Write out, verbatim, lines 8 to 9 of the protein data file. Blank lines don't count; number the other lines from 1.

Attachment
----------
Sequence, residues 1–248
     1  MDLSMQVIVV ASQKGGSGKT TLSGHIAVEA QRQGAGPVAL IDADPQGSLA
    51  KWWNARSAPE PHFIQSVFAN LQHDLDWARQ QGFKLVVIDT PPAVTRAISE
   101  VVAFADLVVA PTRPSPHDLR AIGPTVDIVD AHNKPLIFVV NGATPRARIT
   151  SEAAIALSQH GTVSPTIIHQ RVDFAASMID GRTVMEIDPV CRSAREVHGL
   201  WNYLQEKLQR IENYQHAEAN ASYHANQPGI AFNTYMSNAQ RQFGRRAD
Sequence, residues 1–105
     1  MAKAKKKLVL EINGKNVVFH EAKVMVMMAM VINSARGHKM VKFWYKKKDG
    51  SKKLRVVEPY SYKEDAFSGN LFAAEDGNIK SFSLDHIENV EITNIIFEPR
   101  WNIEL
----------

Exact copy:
     1  MAKAKKKLVL EINGKNVVFH EAKVMVMMAM VINSARGHKM VKFWYKKKDG
    51  SKKLRVVEPY SYKEDAFSGN LFAAEDGNIK SFSLDHIENV EITNIIFEPR